I think your describing living things as having “the appearance of ‘top down’ design in nature” is the key to the controversy. Normally, as in SETI and archaeology, we take the appearance of top down design as providing prima facie evidence for intelligent agency. Now perhaps you are correct that there are processes that are not the result of intelligent agency that can give that appearance with regard to living things. But it’s not clear to many of us that you or the rest of the scientific community have succeeded in making that case. I, along with Professor Behe, look forward to hearing what else you have to say in favor of your view.. But until then, I would appreciate a little more sympathy from you for those of us who think that the appearance of top down design is reasonable evidence for believing in top down design, instead of throwing harsh invectives at us of being unscientific.

    P.S. I’m trying to post this under my name, Julian. But it might show my old pseudonym.

  4. Daniel Fisher

    Sir,

    As before, I am sincerely thankful for your time in responding. Hoping not to sound contentious, but this actually well illustrates the basis of my own skepticism, if interesting to you. Specifically, I glanced at the article you previously mentioned to me that “identified a set of evolutionary processes” for digital computer programs – namely that they “self-replicate, mutate, compete and evolve”, and that in these programs, “complex functions evolved by building on simpler functions.” And I take no issue with any of these particular processes or their observed improvements. But if someone seriously suggested that these processes, alone and unguided, were sufficient, adequate explanation for any of even the simplest programs, drivers, or applications I use on my computer (so perfectly designed for certain functions), I would remain incredulous, but I would think my incredulity quite justified.

    Similarly, I’m familiar with and fully endorse the processes you mention (mutation, recombination, drift, and selection), and their ability to induce certain improvements and benefits. I conducted such basic experiments with fruit flies in my undergrad days. But I’m then asked to believe that these processes, alone and unguided, are sufficient explanation for the development of, say: a fully integrated, near-instantaneous, pinpoint-accurate active sonar system, including the novel fully integrated organ; rewiring of the teeth/jaw to function as directional, active-sonar-intercept-hydrophones, all alongside the sophisticated software/neural computing and mathematical algorithms required to instantaneously compile and process the incoming data… all this in a (relatively) meager 500,000 generations or so.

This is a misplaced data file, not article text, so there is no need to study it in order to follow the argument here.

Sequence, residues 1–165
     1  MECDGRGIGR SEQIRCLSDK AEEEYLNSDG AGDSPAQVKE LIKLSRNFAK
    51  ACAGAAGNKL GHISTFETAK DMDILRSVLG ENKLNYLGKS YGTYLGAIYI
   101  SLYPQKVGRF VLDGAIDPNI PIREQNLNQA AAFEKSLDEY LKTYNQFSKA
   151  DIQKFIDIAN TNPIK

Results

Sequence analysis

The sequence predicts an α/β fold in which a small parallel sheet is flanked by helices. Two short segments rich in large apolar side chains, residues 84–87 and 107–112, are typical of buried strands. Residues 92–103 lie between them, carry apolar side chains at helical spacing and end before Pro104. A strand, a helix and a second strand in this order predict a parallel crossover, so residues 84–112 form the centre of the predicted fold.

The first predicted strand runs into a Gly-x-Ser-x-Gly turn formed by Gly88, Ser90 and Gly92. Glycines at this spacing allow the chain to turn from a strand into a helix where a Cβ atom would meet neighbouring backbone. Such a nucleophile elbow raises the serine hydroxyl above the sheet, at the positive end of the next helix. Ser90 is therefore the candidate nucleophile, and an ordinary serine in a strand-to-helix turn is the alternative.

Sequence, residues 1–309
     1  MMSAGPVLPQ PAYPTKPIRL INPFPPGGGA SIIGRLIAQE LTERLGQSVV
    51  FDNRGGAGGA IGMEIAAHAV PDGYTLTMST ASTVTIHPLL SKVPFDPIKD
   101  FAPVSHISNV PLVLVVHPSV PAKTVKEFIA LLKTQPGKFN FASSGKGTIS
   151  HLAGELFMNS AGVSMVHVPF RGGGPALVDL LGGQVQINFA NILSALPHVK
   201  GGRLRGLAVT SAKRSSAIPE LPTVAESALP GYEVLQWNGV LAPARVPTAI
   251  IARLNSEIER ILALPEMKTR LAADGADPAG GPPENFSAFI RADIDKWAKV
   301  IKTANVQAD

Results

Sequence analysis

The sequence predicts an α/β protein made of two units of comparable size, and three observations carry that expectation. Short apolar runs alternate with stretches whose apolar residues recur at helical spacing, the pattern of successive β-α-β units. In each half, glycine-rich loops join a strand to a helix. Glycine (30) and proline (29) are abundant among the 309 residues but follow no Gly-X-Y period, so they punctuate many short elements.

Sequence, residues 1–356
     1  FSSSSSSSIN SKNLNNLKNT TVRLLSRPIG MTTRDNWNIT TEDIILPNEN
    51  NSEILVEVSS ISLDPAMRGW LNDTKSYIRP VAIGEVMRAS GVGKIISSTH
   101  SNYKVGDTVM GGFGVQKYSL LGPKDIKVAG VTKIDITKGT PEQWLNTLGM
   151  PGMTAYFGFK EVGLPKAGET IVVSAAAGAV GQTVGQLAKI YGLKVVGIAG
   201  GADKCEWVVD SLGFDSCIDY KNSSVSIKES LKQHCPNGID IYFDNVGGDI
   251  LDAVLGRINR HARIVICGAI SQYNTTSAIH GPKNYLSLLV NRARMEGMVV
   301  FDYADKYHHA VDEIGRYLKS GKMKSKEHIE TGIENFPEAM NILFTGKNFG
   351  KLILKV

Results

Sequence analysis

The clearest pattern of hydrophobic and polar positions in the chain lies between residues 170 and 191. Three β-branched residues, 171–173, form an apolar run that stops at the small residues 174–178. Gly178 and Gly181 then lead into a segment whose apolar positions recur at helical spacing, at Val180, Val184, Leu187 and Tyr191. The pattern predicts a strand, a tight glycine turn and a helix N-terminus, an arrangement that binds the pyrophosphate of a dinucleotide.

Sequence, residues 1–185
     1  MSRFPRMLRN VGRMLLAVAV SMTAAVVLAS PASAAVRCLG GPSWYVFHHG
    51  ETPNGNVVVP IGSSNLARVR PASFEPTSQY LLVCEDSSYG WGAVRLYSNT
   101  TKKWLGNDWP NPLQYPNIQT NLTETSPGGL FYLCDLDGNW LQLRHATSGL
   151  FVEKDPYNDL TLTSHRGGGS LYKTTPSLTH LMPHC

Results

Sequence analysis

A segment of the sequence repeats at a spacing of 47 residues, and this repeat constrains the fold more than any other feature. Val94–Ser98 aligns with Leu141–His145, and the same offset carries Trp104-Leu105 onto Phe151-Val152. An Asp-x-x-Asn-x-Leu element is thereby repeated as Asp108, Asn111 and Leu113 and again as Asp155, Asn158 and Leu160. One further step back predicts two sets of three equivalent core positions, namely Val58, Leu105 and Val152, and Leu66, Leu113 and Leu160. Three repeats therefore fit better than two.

So yes, I’m afraid I am “incredulous” that the processes you mention are sufficient to explain that level of sophistication. But similarly, I do not find my incredulity unjustified…. particularly as observation of long-term evolution in rapidly reproducing species (while demonstrating certain impressive improvements and adaptations ) has shown nothing approaching the leaps of sophisticated innovation, coordinated rewiring and integrated cooption, or novel structures necessary to demonstrate that these processes could cause the novel development of such sophisticated echolocation in such a (relatively) short evolutionary timespan. In other words, we haven’t observed anything approaching these kinds of leaps in sophistication over the 60,000+ generations we have observed, but I am asked to believe (on faith?) that these same processes can undoubtedly achieve far, far more intricately integrated sophistication over some 500,000 generations in a different species?

    So like you, I am certainly looking for “hard evidence”…. for me, evidence that unguided evolution could, in fact, accomplish the utterly astounding feats attributed to it. But I feel I am typically given (not meaning by yourself, but in general) what come across to me like “hand-waves” in the opposite direction…. if I may be so bold to borrow your phrase, “I get impatient with repeated, unsupported assertions that evolution *can* do certain things.”

    Humbly and respectfully,
    Daniel

    • Daniel Fisher

      Sir,
      Understood and appreciated. Thank you so much for taking the time that you have., recognize how valuable your time must be.

      Respectfully,
      Daniel

  5. Daniel: Except the assertions about what evolution can do and has done are supported by comparative studies, paleontology, and experiments with biological and computational systems, etc. Not so the unnamed, unknown agent who supposedly has purposefully introduced new genetic information over the course of history.
    I’m going to close comments now. I may open them again after future posts, but all this is getting very tiresome. And if I do open them, I’ll probably restrict every poster to 800 words, just like our book review in Science :>)

  6. Pingback: Lenski continues his demolition of Michael Behe’s new book « Why Evolution Is True

  7. Pingback: A Fair Hearing for Behe - Peaceful Science

  8. bewilderbeast

    Thank you for your patience in responding to people who approach science in a – how to word it politely – pre-ordained way. Fascinating how difficult concepts which need some thought are hastily dismissed – and replaced with mind-bogglingly unlikely ‘supernatural’ alternatives without explanation!